Ashton’s review published on Letterboxd:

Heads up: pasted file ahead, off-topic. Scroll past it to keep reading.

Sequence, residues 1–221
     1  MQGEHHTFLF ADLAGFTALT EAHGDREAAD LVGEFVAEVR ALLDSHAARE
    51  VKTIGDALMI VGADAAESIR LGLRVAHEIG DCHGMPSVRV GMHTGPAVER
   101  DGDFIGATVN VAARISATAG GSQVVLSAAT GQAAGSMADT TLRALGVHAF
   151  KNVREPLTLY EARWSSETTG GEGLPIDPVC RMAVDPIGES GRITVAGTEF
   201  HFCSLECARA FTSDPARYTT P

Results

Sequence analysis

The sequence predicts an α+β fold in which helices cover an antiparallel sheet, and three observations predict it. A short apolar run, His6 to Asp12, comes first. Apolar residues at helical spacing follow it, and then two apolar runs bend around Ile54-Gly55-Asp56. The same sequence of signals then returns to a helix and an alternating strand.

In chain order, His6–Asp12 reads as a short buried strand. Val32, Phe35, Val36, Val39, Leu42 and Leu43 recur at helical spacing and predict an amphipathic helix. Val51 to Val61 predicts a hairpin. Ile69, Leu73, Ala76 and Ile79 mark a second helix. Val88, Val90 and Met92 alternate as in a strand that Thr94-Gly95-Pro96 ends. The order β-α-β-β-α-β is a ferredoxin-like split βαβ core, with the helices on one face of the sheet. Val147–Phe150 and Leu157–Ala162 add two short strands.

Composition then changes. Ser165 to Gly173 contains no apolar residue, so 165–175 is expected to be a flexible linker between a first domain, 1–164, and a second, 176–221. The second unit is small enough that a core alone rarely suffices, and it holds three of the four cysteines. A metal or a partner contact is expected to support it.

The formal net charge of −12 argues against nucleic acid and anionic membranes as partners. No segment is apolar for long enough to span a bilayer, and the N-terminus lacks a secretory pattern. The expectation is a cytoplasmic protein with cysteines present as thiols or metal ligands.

Fails to probe particularly deeply into a lot of the conditions of celebrity culture in the mid-2000's that lead to the insatiable thirst for a kind of fetishistic voyeurism, the cynical tabloid-fuelled near-constant surveillance of the private lives of the rich and famous, that contributed to the kind of "frame" that surrounds Britney Spears even to this day. The doc rightfully hints at the powerful grip of cultural misogyny that made Britney Spears an ideal and easy target for all kinds of vultures - industry, personal, and of course those of us who remember snickering at one of the endless US Weekly cover photos, or perhaps clicked eagerly onto the latest TMZ bulletin - but doesn't fully extrapolate new commentary around it. As a piece of organizational journalism this mostly succeeds at tracing Spears' career highs and lows, and a few of those interviewed do offer genuine behind the scenes insights that rightfully puts the present-day conservatorship under scrutiny. But it lacks an incisive angle at what underlines most of this commentary and ends up struggling to give agency to the star at its centre, one whose entire career has been defined by her struggle for it.